Bar Conversations

Alcohol & My Thoughts on the non-alcoholic beer market

In years past when I participated in “Dry January,” my yearly reset never imagined I would be drinking non-alcoholic craft beer or spirits. Then, it was water, Coke Zero and juices. However, in the past few years, non-alcoholic drinks have become more mainstream.

But just how big is the industry? If you believe the numerous stories across the media this month, it must be huge. I mean the category has nearly doubled in IRI-tracked chain retail for “volume” in just over six years.

Yet, according to Good Beer Hunting’s Bryan Roth, the category still ranks last out of the 16 high-level style categories tracked in retail stores. It might move to  #15 in 2022 ahead of “Dark Ale,” but has no shot at #14, which is a grouping of porter/stout, he added.

“Non-alcoholic beer will never be a big part of the market in terms of volume or dollars,” said Roth. “But it will be an important and a valued alternative that lots of people enjoy. Breweries are making great effort to expand the kind of flavors people can get from these brands, which makes a world of difference.”

Roth, who is the News Editor for Good Beer Hunting, said he believes non-alcoholic beer will continue to grow as more brands enter the market. But with it not close to 1% of the beer market, the growth needs to be put into perspective.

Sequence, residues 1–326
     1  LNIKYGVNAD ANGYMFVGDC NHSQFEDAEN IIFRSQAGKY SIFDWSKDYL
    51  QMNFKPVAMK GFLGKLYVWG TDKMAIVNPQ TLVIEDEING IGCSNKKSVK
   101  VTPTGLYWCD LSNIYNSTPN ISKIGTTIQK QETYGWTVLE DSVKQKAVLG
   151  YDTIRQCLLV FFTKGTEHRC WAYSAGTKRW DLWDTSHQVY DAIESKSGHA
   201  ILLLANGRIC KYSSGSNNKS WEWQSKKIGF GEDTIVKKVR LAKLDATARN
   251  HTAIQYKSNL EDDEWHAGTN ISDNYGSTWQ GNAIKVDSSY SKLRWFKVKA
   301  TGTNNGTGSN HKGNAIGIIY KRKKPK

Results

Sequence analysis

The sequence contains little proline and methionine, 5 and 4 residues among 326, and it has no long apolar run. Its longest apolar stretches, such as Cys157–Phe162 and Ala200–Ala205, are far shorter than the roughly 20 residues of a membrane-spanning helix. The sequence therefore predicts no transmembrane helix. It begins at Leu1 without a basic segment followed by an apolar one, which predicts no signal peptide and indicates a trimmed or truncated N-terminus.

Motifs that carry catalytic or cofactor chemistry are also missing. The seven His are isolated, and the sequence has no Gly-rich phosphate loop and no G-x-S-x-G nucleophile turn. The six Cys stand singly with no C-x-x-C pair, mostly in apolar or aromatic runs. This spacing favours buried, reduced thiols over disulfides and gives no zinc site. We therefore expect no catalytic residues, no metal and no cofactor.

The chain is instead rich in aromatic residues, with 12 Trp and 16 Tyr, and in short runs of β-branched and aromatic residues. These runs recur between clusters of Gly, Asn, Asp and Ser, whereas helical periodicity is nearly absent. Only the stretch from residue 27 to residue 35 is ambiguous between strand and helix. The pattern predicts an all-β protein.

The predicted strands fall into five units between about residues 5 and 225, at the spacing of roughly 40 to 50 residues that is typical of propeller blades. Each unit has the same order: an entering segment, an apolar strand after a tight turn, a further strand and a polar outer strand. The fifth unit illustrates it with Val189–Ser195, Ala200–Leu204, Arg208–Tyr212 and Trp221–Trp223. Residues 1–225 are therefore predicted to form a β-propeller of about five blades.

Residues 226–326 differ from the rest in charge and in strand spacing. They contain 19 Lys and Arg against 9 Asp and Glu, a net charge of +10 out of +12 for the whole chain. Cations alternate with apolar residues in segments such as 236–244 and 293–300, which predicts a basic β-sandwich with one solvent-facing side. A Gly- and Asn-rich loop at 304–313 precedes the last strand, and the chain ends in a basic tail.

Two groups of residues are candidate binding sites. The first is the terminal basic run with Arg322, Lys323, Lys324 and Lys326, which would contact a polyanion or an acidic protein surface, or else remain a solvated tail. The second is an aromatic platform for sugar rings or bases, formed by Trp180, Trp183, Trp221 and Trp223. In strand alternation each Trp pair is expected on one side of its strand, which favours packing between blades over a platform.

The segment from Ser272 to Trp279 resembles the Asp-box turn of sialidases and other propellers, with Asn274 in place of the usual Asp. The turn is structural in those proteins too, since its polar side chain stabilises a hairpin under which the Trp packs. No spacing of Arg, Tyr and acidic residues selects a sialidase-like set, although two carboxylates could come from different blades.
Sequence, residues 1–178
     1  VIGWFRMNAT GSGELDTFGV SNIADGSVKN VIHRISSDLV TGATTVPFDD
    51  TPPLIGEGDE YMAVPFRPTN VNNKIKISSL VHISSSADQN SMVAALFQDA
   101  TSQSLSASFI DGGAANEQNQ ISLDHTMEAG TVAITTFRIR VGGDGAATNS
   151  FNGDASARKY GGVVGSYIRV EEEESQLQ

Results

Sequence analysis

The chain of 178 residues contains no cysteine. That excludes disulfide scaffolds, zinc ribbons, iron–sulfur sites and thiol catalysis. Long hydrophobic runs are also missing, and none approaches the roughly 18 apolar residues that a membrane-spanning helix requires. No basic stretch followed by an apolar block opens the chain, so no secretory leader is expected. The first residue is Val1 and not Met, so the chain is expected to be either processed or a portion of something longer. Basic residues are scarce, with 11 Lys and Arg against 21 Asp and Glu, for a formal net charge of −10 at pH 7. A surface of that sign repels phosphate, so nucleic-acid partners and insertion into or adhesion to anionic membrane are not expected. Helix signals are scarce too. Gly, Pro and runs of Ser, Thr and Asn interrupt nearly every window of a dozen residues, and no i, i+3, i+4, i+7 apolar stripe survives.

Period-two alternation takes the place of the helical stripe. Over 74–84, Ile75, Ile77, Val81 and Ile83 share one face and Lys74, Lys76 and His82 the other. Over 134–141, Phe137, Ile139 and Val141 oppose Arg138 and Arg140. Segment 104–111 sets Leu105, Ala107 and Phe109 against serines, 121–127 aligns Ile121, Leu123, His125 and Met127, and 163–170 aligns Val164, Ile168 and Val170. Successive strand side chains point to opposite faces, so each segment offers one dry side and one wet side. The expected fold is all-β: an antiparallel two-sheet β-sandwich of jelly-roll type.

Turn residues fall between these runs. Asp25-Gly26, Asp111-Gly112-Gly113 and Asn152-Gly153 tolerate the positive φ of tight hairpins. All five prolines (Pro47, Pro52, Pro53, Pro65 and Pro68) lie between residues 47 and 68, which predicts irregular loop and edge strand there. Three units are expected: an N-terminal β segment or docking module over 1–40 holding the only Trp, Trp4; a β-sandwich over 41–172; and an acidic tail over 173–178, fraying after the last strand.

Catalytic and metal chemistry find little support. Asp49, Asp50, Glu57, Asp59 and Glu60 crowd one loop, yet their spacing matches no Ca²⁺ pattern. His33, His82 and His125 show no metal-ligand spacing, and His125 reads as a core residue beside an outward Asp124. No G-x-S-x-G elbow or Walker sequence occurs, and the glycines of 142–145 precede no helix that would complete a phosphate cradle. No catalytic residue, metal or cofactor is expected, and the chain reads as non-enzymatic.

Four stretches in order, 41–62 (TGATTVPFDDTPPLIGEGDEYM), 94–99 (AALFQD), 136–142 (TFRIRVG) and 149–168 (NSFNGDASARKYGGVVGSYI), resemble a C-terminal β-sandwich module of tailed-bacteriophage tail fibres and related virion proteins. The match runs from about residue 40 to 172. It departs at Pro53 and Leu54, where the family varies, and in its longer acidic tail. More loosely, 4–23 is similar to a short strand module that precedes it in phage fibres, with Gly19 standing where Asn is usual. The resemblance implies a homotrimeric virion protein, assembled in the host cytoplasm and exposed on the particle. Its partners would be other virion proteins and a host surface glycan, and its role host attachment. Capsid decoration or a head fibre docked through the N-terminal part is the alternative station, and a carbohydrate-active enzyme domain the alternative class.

“Media stories that sweep publications each January do not keep this in context, so the category can easily seem bigger than it is,” he said. ”The change of flavors and number of brands is great — and a necessary evolution of the American beer market — but non-alcoholic beer will never be in the U.S. what it is for England, Spain, or Germany, which all have drastically different drinking cultures and relationships with alcohol in daily lives.”

Bravus Brewing founder Philip Brandes said the non-alcoholic industry has been gaining a lot of traction and attention recently, but is still faces an awareness issue.

“Ultimately, many will look at you funny when you mention a beer being non-alcoholic until they try it,” he said during our Q&A Videocast. “You really have to get the awareness out and fight the stigma that’s been associated with NA beer.”

Brandes said he’s excited to see what the future can bring for the category and said there are some great things ahead.

Roth and fellow Good Beer Hunting writer Kate Bernot will be diving into the category with a deeper analysis soon. To check out their work, visit https://www.goodbeerhunting.com/sightlines (which is a must read).

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